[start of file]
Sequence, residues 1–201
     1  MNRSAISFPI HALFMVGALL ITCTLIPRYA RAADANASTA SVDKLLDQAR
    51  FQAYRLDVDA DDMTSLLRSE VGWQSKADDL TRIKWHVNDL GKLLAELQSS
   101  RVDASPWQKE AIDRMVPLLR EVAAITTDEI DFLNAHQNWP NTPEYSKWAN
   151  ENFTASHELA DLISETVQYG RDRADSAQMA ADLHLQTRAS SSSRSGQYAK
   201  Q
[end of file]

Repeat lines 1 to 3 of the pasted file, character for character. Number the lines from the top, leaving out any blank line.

Sequence, residues 1–201
     1  MNRSAISFPI HALFMVGALL ITCTLIPRYA RAADANASTA SVDKLLDQAR
    51  FQAYRLDVDA DDMTSLLRSE VGWQSKADDL TRIKWHVNDL GKLLAELQSS